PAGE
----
Updated February 1, 2017
BRANCH: N

AGE: 60,000 YEARS AGO

LOCATION OF ORIGIN: EAST AFRICA > ASIA


Adam Ranger and his wife, Eve Ribb, left Africa looking for a nice garden somewhere in the Fertile Crescent with good schools. Well-nourished from an apple they happened to snake up, they raised a garden full of kids. And the rest is pre-history. This photograph and all others in this site that are not National Geographic's™ are by Barney Crosby.
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But seriously now, let's turn the narrative over to National Geographic™ writers:

Your (our) next ancestor is the woman whose descendants formed haplogroup N. Haplogroup N comprises one of two groups that were created by the descendants of L3.

One of these two groups of individuals moved north rather than east and left the African continent across the Sinai Peninsula, in present-day Egypt. Also faced with the harsh desert conditions of the Sahara, these people likely followed the Nile basin, which would have proved a reliable water and food supply in spite of the surrounding desert and its frequent sandstorms.

Descendants of these migrants eventually formed haplogroup N. Early members of this group lived in the eastern Mediterranean region and western Asia, where they likely coexisted for a time with other hominids such as Neanderthals. Excavations in Israel’s Kebara Cave (Mount Carmel) have unearthed Neanderthal skeletons as recent as 60,000 years old, indicating that there was both geographic and temporal overlap of these two hominids. This likely accounts for the presence of Neanderthal DNA in people living outside of Africa.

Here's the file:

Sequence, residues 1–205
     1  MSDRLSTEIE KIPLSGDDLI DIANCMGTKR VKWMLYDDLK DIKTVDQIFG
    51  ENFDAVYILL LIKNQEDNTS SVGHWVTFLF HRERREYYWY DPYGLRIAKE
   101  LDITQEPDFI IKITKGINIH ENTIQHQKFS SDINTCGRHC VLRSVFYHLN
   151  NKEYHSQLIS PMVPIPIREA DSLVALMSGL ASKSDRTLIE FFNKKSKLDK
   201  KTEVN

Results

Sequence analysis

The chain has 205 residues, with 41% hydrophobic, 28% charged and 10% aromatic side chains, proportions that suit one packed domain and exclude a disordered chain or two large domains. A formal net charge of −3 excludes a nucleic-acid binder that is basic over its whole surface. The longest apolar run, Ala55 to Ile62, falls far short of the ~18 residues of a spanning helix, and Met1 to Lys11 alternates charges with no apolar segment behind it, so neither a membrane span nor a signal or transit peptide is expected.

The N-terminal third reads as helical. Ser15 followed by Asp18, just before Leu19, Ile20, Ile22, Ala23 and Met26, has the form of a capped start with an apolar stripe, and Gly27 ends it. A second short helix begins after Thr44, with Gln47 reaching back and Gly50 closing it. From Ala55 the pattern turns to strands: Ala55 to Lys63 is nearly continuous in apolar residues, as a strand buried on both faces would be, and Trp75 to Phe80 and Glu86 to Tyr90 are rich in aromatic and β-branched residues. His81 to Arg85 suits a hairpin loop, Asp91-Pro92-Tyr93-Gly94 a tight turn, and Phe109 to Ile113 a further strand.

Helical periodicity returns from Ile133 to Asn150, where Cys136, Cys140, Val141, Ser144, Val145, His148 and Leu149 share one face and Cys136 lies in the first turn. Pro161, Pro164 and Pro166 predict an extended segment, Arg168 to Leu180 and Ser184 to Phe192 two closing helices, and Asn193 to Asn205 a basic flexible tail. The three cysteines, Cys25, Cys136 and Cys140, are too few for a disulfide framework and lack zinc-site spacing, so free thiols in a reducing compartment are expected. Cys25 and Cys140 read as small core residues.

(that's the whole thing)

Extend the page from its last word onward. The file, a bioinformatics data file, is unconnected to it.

Some members bearing mutations specific to haplogroup N formed many groups of their own which went on to populate much of the rest of the globe. These descendants are found throughout Asia, Europe, India, and the Americas. However, because almost all of the mitochondrial lineages found in the Near East and Europe descend from N, it is considered a western Eurasian haplogroup.

After several thousand years in the Near East, members of our group began moving into unexplored nearby territories, following large herds of migrating game across vast plains. These groups broke into several directions and made their way into territories surrounding the Near East.

Today, haplogroup N individuals who headed west are prevalent in Turkey and the eastern Mediterranean, they are found further east in parts of Central Asia and the Indus Valley of Pakistan and India. And members of our haplogroup who headed north out of the Levant across the Caucasus Mountains have remained in southeastern Europe and the Balkans. Importantly, descendants of these people eventually went on to populate the rest of Europe, and today comprise the most frequent mitochondrial lineages found there.

This line and its sister lineage are the only two founding lineages to expand out of Africa. Ann Curry of the Today Show belongs to this lineage.

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Copyright © 2017 by Robert Ranger, Wilmington, North Carolina.